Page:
Whilst banging on the doors of countless embassies in London, I walked right past the Embassy of Libya. I thought I’d just double check what this letter said, and if it was valid. I explained my odd situation to the Libyan lady behind the desk, and she translated the letter for me with dismissive scowl. It essentially read “Please let Johnny in to Libya, cheers” or words to that effect. Will it work? I chirped in, already knowing the answer. “I wouldn’t board a flight without a visa, they won’t let you in, but it’s up to you”. Great.
I contacted Muad, now even more skeptical, and explained what the embassy said. “Listen Johnny, I know it sounds dodgy, but trust me, I have connections. Book your flight, print out this new letter I’ve attached and bring it to the airport, I’ll take care of everything else”. Errrrm. Ok. During this time I’m constantly checking Libyan news and I see ISIS encroaching further and further to the city Muad wants me to fly to, they’re now only 200km from Misrata, and people are fleeing from ISIS swords to Misrata daily, worrying.
TAKE THE HINT
Stupidly I decide to take the plunge, I jumped online and booked a flight from London to Tunis, Tunisia and then from Tunis to Misrata, Libya on two separate tickets. I had to trust Muad if I had any chance of visiting Libya this year. London ticket confirmed two mins later via email, but an hour later Libyan Airlines cancelled my ticket to Misrata. At this point I was thinking there have been too many warning signs. Libya is one of the most dangerous countries in the world at the moment, now I’m trusting a guy I’ve only ever spoken to via facebook msg, and at that rate, maybe only six or seven times, the embassy told me there was no chance and now Libyan Air had cancelled my flights. Enough is enough.
I contacted Muad to tell him about my cancelled flight, and perhaps my cancelled trip. Not to worry, he went to the airport and bought me a one-way ticket to his city, in cash, I could pay him back when I got there. One detail though, I couldn’t fly from Tunis, the capital of Tunisia, I could ONLY fly from an obscure town in the south of Tunisia much closer to the Libyan border, a town called Sfax. Never heard of it? Me neither. Why can’t I fly from the Capital? Worrying.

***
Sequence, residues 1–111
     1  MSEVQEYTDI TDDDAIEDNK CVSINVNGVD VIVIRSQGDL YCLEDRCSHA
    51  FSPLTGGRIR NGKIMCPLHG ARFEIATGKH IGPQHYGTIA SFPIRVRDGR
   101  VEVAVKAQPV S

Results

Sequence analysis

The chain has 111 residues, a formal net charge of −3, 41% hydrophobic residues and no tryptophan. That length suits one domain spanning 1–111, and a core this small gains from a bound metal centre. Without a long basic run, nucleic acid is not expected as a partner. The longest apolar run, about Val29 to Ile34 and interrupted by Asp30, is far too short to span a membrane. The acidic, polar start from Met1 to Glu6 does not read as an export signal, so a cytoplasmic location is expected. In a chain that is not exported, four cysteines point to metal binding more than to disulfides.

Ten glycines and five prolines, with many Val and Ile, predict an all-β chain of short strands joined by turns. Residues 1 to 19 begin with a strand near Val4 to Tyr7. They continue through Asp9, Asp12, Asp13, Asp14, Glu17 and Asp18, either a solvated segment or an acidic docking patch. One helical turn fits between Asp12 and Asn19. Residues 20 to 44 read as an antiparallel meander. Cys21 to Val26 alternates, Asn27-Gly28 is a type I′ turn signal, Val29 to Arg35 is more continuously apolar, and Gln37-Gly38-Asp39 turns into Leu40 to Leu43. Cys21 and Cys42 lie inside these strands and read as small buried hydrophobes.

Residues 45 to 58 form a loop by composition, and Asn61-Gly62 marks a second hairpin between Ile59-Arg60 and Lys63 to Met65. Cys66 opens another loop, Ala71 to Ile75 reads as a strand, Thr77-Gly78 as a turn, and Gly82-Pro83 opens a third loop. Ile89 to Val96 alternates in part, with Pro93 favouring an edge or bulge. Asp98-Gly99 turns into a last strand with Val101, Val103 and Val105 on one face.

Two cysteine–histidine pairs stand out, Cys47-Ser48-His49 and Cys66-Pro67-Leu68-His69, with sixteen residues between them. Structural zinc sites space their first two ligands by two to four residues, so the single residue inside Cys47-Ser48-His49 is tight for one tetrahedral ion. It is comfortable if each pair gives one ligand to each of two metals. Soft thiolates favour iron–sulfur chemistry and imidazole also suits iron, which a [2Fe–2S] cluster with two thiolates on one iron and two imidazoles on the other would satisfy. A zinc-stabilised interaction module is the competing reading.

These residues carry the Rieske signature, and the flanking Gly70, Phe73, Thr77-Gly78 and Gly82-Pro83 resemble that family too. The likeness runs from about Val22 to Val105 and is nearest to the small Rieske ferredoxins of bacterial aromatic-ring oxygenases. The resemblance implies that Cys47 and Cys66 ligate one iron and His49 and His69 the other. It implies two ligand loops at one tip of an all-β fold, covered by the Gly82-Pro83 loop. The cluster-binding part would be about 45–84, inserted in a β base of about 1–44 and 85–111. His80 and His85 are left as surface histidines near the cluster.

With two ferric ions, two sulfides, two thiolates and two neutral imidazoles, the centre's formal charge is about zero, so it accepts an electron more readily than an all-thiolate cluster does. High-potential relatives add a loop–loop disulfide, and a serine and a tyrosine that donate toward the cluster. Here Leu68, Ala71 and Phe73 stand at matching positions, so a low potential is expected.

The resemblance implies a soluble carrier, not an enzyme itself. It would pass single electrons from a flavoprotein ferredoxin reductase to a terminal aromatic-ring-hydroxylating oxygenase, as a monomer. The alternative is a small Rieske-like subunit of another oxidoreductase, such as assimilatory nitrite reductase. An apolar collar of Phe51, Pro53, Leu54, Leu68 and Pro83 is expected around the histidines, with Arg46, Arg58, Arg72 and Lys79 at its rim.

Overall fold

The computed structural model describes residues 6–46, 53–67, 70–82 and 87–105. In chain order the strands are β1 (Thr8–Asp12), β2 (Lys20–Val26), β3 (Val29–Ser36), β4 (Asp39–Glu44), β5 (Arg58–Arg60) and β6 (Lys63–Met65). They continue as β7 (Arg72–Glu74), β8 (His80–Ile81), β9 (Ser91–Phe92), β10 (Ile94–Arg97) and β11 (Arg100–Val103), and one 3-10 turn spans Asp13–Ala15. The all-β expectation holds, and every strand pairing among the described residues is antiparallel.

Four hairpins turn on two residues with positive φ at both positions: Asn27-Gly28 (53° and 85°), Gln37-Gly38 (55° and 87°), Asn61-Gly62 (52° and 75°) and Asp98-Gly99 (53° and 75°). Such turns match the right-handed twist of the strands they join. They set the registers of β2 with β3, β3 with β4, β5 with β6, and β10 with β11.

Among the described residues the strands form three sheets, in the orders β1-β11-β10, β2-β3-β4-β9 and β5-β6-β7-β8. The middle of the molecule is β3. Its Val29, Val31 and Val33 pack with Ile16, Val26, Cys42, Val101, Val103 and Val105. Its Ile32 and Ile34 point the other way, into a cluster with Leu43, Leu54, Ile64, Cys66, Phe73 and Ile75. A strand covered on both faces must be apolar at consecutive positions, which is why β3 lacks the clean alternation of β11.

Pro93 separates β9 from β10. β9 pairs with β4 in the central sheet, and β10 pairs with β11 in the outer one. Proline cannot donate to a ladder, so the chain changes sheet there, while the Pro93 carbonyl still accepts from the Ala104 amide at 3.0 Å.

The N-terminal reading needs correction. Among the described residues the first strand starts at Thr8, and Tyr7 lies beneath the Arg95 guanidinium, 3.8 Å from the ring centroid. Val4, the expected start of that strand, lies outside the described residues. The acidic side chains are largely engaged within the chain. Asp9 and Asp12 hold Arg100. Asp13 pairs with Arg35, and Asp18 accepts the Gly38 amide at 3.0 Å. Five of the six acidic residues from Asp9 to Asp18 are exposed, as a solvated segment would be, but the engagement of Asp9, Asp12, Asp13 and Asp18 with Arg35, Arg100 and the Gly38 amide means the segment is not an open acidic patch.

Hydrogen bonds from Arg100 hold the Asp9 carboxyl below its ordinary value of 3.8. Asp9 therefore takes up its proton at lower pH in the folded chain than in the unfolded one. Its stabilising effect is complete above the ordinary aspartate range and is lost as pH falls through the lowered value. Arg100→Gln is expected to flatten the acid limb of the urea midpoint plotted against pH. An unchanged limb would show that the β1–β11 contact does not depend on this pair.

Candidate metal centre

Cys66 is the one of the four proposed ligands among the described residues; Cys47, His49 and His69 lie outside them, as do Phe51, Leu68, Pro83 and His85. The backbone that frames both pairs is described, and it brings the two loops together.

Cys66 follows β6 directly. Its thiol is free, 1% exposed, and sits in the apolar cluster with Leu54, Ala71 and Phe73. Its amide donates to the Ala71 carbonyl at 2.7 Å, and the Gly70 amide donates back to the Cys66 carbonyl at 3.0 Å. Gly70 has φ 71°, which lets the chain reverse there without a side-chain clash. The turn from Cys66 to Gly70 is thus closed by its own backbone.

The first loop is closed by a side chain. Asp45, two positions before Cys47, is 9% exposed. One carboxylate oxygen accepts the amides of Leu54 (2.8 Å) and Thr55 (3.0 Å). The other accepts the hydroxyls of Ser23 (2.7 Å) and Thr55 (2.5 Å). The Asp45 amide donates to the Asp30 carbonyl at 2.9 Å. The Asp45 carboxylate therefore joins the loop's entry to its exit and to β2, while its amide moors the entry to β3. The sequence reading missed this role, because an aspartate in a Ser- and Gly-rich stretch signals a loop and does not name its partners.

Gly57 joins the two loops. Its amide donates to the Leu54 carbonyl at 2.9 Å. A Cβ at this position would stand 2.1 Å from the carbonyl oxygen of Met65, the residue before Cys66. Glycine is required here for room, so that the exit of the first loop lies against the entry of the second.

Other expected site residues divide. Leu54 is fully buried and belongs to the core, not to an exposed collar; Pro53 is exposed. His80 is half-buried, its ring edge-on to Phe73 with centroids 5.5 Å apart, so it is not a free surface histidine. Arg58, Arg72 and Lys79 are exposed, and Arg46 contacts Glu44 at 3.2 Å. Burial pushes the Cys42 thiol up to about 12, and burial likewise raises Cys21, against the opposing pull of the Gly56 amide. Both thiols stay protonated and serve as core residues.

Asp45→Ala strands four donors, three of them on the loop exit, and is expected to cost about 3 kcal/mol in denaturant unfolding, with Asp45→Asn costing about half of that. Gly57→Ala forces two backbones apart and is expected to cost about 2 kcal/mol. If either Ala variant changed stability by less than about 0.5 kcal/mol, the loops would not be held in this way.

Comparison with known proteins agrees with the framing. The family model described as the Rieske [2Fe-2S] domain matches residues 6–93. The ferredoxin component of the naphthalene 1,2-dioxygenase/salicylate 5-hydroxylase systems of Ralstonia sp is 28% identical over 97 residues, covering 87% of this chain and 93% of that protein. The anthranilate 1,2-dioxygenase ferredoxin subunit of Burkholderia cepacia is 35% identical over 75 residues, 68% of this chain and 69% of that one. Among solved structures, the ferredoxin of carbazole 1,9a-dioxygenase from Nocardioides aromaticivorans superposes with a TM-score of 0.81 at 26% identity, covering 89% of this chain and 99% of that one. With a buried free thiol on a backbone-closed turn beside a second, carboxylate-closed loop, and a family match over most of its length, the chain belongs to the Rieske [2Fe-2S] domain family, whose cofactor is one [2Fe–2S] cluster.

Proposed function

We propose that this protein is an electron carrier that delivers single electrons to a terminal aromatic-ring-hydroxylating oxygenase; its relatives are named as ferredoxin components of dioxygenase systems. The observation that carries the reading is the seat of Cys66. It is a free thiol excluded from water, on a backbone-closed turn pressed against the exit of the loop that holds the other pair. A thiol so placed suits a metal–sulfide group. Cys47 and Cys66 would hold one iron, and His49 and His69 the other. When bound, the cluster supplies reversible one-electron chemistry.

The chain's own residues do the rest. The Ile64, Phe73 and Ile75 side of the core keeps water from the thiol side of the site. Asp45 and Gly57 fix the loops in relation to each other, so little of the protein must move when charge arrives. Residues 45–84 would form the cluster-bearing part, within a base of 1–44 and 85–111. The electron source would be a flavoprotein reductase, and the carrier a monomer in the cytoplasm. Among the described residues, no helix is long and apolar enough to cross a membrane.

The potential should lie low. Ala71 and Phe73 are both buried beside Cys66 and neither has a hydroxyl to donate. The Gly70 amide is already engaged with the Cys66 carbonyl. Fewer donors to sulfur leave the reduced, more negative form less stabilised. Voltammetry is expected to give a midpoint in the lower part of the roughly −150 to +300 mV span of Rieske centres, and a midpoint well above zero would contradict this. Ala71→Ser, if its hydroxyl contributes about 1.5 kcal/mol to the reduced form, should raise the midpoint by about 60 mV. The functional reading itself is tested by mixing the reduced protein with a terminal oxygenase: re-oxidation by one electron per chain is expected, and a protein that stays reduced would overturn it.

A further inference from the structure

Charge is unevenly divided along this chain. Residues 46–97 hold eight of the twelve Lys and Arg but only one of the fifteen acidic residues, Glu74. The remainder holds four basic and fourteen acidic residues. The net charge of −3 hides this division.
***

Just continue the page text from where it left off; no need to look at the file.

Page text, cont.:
I called my mum, my sis and my mates. No one would help this much, there must be something up, maybe I just won’t go, this is dodgy as it gets. Would ISIS go to so much trouble to kidnap one weird travel guy? Who knows. Those guys are mental.
LEAP OF FAITH
A couple of days passed and I calmed down. “F ٭ck it” I’m going, I’m doing it. Two days, one night in Libya, it’s my only chance. I fly to Tunis on Saturday night, sleep in the airport, head to the train station the next morning, jump on the 4 hour train to Sfax, wherever the hell that is, taxi to the airport there, beg immigration to let me on with my special ‘letter’, arrive in Libya, hope I don’t get my head cut off on some gruesome YouTube video. Perfect plan.
I love traveling in North Africa. Tunisia and Algeria especially have been very good to me, and their people even more so. Out of nowhere I told an Algerian friend of my plan, and apart from telling me not to go through with it, they said if I have to stay in Tunis one night then I should stay at their sister’s place, a refusal wasn’t an option. Two days later, that invite had turned into “I’m free, I’ll come to Tunisia and stay with my sister so you don’t feel weird”. Seriously, Algerians are ridiculously nice. So it was set. They had organized a taxi to pick me up from the airport, dinner would be ready, maybe even a cheeky bottle of red wine. Things were on the up.